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Ann Hematol. 1996 Jan;72(1):29-34.

Light chain-restricted autoantibodies in chronic idiopathic thrombocytopenic purpura, but no evidence for circulating clone B-lymphocytes.

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Department of Medicine, Sahlgrenska Hospital, Göteborg, Sweden.


In chronic idiopathic thrombocytopenic purpura (ITP) platelet destruction is caused by antibodies directed against platelet membrane glycoproteins (GP), and the predominant autoantigens are known to be GPIb/IX and GPIIb/IIIa. In a recent study we reported that these antibodies frequently had a restricted light chain phenotype, thereby supporting a clonal origin. Similar findings and the presence of clonal B-cell populations in immune thrombocytopenias have been reported by others. In the present study we further explored the hypothesis of clonal B-cell expansions in chronic ITP. Twenty patients with chronic ITP were investigated. Antibodies were detected with an ELISA (MAIPA) specific for GPIb/IX and GPIIb/IIIa; circulating clonal B lymphocytes were assessed by flow-cytometric (FACS) clonal-excess analysis and by analyzing Ig-gene rearrangements (CDR3) with the PCR technique. Nine patients displayed a GP-specific antibody restricted to either kappa or lambda phenotype. However, FACS analysis and Ig-gene rearrangement studies did not disclose any circulating clonal B-cell population. Considering the sensitivity of the FACs analysis and Ig-gene rearrangement for detection of clonal B-cell populations, the hypothesis of clonally derived autoantibodies in ITP is still valid. Most probably, the clonal B-cell expansion responsible for the production of autoantibodies in ITP, if present, is below the detection limit for the techniques employed.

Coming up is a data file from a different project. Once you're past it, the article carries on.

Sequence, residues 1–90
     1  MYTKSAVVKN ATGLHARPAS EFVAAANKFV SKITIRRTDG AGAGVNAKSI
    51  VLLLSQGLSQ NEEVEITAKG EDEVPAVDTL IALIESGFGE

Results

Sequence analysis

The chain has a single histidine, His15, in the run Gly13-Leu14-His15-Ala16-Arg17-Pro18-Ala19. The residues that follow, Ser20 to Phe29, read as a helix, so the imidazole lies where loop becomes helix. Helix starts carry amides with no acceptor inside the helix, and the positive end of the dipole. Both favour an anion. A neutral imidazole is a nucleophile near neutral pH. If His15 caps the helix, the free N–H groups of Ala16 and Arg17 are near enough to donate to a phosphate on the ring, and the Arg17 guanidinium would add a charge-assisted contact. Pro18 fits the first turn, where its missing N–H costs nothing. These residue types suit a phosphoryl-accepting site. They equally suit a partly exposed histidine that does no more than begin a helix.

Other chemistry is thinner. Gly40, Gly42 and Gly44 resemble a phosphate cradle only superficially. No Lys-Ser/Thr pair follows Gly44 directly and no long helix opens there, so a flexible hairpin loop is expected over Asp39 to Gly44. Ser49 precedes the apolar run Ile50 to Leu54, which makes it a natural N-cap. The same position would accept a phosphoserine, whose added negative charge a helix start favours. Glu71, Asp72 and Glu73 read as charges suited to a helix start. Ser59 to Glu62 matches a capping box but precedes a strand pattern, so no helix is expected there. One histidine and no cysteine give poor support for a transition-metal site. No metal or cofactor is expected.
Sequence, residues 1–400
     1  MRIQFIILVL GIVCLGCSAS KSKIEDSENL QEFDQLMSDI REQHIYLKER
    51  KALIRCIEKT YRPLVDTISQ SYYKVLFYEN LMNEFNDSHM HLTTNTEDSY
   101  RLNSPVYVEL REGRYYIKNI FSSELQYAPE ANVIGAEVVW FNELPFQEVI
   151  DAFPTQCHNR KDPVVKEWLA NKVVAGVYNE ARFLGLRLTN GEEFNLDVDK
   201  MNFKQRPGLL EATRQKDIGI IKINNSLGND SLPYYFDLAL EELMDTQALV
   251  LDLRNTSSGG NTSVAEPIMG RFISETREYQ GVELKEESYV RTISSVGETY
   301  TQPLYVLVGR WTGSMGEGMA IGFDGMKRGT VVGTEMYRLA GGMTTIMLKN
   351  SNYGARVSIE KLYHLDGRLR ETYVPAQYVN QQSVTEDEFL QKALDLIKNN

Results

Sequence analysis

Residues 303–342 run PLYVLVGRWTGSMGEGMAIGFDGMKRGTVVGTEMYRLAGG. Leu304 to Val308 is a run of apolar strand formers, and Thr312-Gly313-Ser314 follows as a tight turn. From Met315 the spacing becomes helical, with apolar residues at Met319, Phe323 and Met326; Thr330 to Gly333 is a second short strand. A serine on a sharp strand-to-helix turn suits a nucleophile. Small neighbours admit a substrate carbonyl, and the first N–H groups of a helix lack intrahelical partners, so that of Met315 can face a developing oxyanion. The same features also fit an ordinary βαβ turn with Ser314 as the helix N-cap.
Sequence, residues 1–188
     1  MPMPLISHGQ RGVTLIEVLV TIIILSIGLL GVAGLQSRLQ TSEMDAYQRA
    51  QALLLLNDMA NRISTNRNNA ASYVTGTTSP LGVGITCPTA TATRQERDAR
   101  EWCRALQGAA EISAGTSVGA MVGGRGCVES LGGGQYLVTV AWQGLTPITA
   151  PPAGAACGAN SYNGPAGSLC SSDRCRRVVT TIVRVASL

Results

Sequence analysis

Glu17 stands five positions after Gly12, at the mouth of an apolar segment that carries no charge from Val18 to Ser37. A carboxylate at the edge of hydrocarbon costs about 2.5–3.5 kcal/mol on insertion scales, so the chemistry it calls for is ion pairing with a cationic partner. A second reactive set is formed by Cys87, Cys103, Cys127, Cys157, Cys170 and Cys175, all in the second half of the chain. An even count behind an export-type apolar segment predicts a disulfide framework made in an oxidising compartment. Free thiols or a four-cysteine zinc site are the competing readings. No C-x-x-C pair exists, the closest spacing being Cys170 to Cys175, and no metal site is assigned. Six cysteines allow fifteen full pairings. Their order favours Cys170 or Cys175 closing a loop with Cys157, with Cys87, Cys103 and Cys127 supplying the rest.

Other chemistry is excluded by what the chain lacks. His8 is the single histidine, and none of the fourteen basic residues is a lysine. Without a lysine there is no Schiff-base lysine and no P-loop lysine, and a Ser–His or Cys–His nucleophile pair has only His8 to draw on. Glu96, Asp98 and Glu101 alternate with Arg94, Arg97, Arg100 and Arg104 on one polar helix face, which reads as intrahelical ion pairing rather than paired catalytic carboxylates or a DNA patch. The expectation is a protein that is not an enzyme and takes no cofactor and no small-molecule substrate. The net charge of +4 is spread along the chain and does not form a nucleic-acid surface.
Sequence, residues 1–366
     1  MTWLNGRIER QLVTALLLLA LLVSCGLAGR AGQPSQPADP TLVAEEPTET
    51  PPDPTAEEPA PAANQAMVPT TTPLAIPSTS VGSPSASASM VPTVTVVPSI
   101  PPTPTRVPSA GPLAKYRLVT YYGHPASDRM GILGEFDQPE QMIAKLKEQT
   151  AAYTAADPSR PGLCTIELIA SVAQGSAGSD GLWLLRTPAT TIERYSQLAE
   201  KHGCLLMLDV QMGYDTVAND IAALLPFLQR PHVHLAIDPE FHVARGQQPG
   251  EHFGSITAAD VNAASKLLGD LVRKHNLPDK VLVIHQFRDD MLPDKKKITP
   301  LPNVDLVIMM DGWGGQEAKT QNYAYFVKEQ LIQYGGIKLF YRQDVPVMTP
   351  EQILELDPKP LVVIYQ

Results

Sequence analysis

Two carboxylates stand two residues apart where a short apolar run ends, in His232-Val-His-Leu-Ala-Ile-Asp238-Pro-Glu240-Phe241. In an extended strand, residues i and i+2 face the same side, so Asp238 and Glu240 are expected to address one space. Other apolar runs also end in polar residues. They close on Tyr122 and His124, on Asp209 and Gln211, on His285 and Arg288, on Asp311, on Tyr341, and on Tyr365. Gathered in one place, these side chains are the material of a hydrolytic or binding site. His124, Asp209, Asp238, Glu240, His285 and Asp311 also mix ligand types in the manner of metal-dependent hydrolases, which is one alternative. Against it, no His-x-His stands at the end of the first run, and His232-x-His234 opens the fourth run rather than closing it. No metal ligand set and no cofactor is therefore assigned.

[Indexed for MEDLINE]

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